Waiting Game: Comparing Third Base Tiers

Method

This series goes position by position, comparing the average production you get out of the top 5 ranked, the next 5 players, and so on. We’re looking for where the value of players starts to drop, so that you can see how long you can wait on a position and what kind of hit in production you’ll take if you do. One thing to note is that I’m not restricting players to only one position for the stat information. If a guy qualifies at 2B, SS, and OF, his numbers are going to appear in all three sets.

There’s a lot of discussion about tiers in ranking players. Some fantasy managers live by it, because they like to make cut-off points where they feel the talent is noticeably different between one group of players and the next group. Other managers don’t like it and prefer a simple straight ranking. I’ve always enjoyed tiers, and depending on the format of your league, there really can be obvious gaps in talent level at a certain number of players. 

I’ve done two things here. First I use CBS’s ranking info for 5×5 roto leagues, and I show the average numbers for the top 5 players at a position compared to players 6-10, and then 11-15. Next I’ll take data from a private CBS points league and show the averages for the same breakdowns (1-5, 6-10, 11-15). Although it’s a custom scoring league, there aren’t major differences from CBS’s public points system, and anyway, a lot of times the points rankings are very close to the 5×5. The nice thing is that it boils down production to a common denominator (points) regardless of whether a player was more speed or power.

The 5×5 Roto Comparisons

Here are your 5×5 averages of the top 5 third basemen, followed by 6-10 and 11-15. I’ve rounded to whole numbers. Stolen bases aren’t much of a factor here again. Yes, Frazier and Harrison reached double digits, but most won’t, so any SB number you get is gravy.

  • #1-5: 94R, 28 HR, 94 RBI, 10 SB, .280 BA in 581 AB
  • #6-10: 76 R, 21 HR, 80 RBI, 7 SB, .276 BA in 565 AB
  • #11-15: 75 R, 13 HR, 66 RBI, 4 SB, .277 BA in 546 AB

There are always BA stinkers, but as a whole you’ll find a steady average at third base. There’s also plenty of power at the top, with 8 of the top 10 ranked 3B posting 20+ HR. However, power drops in the #11-15 range, with Arenado (18) and Sandoval (16) the best two in HR. What really makes a difference at third base is the run production. Top-5 talent is leaps and bounds above the rest, despite not many more AB. Then between the lower two tiers, there’s another large drop in RBI.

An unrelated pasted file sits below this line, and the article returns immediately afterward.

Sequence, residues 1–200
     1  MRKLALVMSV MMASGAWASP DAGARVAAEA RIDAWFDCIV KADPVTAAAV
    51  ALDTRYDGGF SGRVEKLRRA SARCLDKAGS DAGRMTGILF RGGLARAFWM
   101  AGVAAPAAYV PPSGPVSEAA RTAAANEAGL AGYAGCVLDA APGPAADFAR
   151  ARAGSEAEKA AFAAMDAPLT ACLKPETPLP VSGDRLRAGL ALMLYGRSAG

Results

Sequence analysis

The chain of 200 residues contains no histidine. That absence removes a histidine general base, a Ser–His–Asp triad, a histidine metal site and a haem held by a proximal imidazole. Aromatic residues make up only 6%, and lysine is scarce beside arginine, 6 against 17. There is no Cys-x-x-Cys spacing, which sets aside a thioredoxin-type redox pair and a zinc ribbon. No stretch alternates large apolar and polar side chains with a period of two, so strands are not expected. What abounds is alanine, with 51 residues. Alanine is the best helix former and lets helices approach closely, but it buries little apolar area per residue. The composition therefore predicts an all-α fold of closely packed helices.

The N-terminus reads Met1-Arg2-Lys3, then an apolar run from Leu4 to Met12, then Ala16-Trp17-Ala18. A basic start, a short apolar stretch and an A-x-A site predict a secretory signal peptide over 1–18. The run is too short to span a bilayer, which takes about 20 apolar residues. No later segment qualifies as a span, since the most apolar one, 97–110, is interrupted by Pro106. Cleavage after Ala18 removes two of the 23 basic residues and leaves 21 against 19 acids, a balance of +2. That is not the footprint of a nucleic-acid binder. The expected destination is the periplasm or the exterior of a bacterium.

The Points Comparison

Here’s the breakdown. Remember that in points leagues, power is more valuable than speed.

  • Range, 1-5: 574 – 688, avg. 615 points
  • Range, 6-10: 511.5 – 552, avg. 531.8 points
  • Range, 11-15: 457 – 511.5, avg. 489.1 points
  • Difference between avg. of 1-5 and 6-10 = 83.2 points = 15.6% more
  • Difference between avg. of 1-5 and 11-15 = 125.9 points = 25.7% more
  • Difference between avg. of 6-10 and 11-15 = 42.7 points = 8.7% more

.

  • Range, 1-5: 574 – 688, avg. 615 points
  • Range, 6-15: 457 – 552, avg. 510.5 points
  • Difference between avg. of 1-5 and 6-15 = 104.5 points = 20.5% more

 .

  • Range, 1-10: 511.5 – 688, avg. 573.4 points
  • Range, 11-20: 392 – 511.5, avg. 450.9 points
  • Difference between avg. of 1-10 and 11-20 = 122.5 points = 27.2% more

In points leagues, there’s still a good gap between the top-tier and the second tier, but the gap between tiers two and three is half that. Average, and even AB to a degree, isn’t as essential in points leagues. It doesn’t matter how you reach the points or in how many AB. Therefore if you do miss out on the top third basemen, you can likely afford to wait unless it’s a deep league.

The Bottom Line: In roto leagues I want a top-5 third baseman. Granted that the landscape will change some (such as Miggy not qualifying anymore), and that may bring down the top-5 average, but it also means there’s one fewer elite bats that can play at 3B. I want someone who can hit for BA as well, because only three 3B in the top-15 hit above .300, and the next highest 3 were in the .280s. Most important, though, is R and RBI, which are more scarce here. For points leagues, you want a top-10 3B for sure, but I still want a top-5. Those extra R and RBI add a lot of points, plus the big power is at the top as well.

Compare tiers for the rest of the positions

CatcherFirst BaseSecond BaseThird Base ShortstopOutfieldStarting PitcherRelievers

Kevin Jebens

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Fantasy baseball player since 2000; winning leagues ranging from 12-team H2H to 18-team experts 5x5. Has written for various baseball blogs, including the 2013 Bleed Cubbie Blue Annual.